Garrick Ohlsson, Rhode Island Philharmonic, Beethoven “Emperor” Concerto
Photo REUTERS © Kacper Pempel, courtesy of Opus 3 Artists
Last Saturday night my musically-astute friend and I attend the opening concert of Maestro Larry Rachleff’s final season as music director of the Rhode Island Philharmonic. Alan Rosenberg of the Providence Journal had asked me to review the concert, so the seats were, as one might expect, excellent. It was a bit of a trip in the WABAC machine (of Peabody and Mr. Sherman fame) to hear soloist Garrick Ohlsson. My high-school girlfriend thought the world of him, while I still vividly recall his Dewar’s Scotch “Profiles” ad that graced the back covers of magazines such as The New Yorker and Playboy when I was in high school. An image of that ad, and more, after the jump.
Dewar’s Scotch “Profile” advertisement, circa 1973.
Ohlsson’s 1970 first prize in Warsaw’s Chopin competition launched his career, but only sustained musical depth can result in a career lasting more than 40 years. My complete Providence Journal concert review is here.
A couple of things to note: One, the tag “Emperor,” as in “Emperor Concerto,” might have been based on an event that never really happened–supposedly, a French military officer exclaimed that one theme personified Emperor Napoleon. That would have been in Vienna at some time circa 1812–France having invaded Austria four times in the previous 18 years. Therefore it is proper to assume that Beethoven himself not only had nothing to do with the name “Emperor,” but in fact he would have been horrified.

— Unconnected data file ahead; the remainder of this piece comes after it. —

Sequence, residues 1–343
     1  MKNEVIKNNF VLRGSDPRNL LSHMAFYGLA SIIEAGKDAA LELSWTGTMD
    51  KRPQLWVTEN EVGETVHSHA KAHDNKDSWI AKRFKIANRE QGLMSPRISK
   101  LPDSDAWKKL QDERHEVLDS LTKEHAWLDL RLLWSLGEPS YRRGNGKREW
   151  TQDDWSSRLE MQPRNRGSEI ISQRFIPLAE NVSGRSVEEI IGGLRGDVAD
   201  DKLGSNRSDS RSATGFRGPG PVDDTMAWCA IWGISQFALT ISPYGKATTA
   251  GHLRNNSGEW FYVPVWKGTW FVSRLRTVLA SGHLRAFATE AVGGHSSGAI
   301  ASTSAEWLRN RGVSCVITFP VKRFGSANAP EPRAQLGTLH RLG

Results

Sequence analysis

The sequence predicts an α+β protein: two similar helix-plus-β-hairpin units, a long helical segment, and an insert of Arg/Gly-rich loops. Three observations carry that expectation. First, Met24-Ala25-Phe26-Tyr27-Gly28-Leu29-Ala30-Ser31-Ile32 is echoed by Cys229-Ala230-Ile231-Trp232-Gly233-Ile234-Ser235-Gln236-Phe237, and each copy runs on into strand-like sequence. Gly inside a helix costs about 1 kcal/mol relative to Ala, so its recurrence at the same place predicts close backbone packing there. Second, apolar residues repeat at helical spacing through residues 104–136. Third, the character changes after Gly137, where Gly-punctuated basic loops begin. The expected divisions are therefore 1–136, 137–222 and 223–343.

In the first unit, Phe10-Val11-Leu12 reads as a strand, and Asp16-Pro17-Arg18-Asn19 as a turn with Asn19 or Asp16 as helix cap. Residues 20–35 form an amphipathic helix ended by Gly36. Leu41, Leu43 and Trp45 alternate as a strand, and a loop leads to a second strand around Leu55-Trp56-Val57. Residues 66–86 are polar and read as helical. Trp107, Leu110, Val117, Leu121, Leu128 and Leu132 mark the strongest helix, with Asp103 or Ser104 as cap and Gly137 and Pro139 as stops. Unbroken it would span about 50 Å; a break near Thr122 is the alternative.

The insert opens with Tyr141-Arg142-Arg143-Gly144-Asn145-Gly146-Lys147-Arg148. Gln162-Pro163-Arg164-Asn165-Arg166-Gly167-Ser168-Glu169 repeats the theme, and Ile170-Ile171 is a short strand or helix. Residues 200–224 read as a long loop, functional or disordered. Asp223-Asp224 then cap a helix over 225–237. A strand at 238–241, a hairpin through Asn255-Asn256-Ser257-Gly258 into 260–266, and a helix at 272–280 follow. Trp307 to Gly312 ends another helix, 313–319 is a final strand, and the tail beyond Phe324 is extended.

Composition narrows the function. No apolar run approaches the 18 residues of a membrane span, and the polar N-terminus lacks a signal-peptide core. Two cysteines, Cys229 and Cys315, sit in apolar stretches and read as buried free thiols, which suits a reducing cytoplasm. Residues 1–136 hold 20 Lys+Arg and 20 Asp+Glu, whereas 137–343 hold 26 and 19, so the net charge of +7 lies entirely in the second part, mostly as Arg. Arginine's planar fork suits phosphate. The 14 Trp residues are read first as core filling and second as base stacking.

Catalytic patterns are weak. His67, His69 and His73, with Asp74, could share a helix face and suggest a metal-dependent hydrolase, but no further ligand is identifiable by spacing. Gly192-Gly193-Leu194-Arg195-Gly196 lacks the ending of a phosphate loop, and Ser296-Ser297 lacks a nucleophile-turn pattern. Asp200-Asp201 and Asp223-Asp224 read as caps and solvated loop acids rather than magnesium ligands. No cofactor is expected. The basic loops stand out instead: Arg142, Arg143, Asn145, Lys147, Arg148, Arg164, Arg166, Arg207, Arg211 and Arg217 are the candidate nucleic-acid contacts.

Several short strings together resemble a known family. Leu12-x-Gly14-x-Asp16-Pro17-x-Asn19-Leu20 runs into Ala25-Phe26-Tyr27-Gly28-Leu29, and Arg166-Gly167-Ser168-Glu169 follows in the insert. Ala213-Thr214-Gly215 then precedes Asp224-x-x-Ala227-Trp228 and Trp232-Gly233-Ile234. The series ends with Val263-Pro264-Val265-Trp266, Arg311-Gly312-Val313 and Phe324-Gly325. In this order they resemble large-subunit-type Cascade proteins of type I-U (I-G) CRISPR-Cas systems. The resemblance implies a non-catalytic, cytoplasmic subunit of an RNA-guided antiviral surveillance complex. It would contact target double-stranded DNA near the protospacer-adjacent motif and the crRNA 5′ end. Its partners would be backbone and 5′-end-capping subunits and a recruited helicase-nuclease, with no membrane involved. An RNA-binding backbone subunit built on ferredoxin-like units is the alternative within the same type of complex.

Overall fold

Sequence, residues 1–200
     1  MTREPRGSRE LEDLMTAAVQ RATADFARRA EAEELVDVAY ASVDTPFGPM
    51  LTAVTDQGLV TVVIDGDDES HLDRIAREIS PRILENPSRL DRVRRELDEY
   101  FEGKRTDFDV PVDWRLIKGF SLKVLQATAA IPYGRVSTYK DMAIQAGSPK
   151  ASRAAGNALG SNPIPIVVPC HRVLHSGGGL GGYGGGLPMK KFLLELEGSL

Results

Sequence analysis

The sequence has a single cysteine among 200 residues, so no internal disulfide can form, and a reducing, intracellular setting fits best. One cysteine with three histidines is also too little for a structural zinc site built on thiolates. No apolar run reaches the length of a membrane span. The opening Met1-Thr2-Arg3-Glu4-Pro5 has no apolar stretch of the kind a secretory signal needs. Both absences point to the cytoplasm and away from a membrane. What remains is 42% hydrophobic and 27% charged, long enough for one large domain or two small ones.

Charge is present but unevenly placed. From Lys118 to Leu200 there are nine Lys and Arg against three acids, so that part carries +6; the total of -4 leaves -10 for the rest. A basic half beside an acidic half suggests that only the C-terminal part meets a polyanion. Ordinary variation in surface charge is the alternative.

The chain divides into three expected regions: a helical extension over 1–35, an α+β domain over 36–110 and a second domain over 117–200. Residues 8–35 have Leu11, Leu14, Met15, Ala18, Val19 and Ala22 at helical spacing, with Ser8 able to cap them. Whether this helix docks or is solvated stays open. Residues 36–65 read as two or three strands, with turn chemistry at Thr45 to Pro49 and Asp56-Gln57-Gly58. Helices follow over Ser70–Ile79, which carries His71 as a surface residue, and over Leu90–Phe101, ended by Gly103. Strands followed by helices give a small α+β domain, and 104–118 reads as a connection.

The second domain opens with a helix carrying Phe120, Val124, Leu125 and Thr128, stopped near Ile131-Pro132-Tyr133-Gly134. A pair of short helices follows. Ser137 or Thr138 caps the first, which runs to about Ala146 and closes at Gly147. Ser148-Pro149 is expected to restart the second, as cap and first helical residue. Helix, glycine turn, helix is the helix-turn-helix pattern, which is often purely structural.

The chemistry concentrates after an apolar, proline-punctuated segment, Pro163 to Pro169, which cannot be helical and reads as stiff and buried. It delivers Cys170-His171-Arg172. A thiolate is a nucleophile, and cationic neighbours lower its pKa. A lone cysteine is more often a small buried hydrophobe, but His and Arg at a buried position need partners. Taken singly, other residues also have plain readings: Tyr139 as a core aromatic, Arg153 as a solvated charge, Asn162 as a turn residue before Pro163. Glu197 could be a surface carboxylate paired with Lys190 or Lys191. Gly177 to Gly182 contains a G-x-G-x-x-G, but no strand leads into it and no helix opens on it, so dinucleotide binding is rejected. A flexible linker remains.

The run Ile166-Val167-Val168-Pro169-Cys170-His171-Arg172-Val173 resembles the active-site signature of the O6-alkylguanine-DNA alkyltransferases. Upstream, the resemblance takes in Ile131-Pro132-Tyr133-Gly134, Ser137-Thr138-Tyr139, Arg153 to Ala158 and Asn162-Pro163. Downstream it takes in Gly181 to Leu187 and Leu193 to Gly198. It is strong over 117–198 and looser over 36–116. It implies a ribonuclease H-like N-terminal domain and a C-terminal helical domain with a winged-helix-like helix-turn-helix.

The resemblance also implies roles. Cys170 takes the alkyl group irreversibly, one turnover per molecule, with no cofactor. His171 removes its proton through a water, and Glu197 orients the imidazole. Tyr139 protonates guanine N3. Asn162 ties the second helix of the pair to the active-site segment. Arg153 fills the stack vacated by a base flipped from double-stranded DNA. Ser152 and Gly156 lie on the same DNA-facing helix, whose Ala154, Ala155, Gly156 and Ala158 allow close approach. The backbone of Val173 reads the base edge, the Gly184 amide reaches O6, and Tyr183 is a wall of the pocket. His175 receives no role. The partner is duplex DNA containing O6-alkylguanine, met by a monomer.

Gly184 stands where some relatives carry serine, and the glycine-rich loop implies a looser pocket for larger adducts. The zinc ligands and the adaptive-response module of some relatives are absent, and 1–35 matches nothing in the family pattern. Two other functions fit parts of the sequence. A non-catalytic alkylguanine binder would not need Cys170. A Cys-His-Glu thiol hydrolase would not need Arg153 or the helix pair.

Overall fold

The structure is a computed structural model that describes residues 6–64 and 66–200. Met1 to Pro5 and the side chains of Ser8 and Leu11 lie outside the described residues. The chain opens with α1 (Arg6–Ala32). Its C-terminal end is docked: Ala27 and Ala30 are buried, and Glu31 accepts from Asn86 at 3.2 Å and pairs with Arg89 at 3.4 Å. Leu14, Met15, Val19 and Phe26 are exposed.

The second thing to note is that I buried a puerile pun (but I repeat myself) in these paragraphs:
The concert opened with Bedrich Smetana’s second-most-popular work (after “The Moldau”); the Overture from his comic opera “The Bartered Bride.” A Czech patriot, Smetana wanted to compose an opera about ordinary people (rather than aristocrats); employ Czech musical idioms (rather than copy German models); and be enjoyable in a lighthearted (non-Wagnerian) way.
From the downbeat, Rachleff and the Philharmonic’s exuberant, dynamic performance checked all of Smetana’s boxes. Strings, winds, brass and timpani worked together beautifully in presenting the contrasts between the energetic and lilting dance themes that lead to a rousing conclusion.
(I do have to keep myself amused.)
Mr. Ohlsson has recorded all of Beethoven’s 32 piano sonatas, but not this concerto. I have had no particular favorite, but I have been listening to with great enjoyment, via Steinway Streaming:
Beethoven: Piano Concertos 4 & 5 / Yevgeny Sudbin, Osmo Vänskä, Minnesota Orchestra (SACD BIS 1758).
So, young master Sudbin is not just for Scarlatti… and it’s another great recording from BIS.
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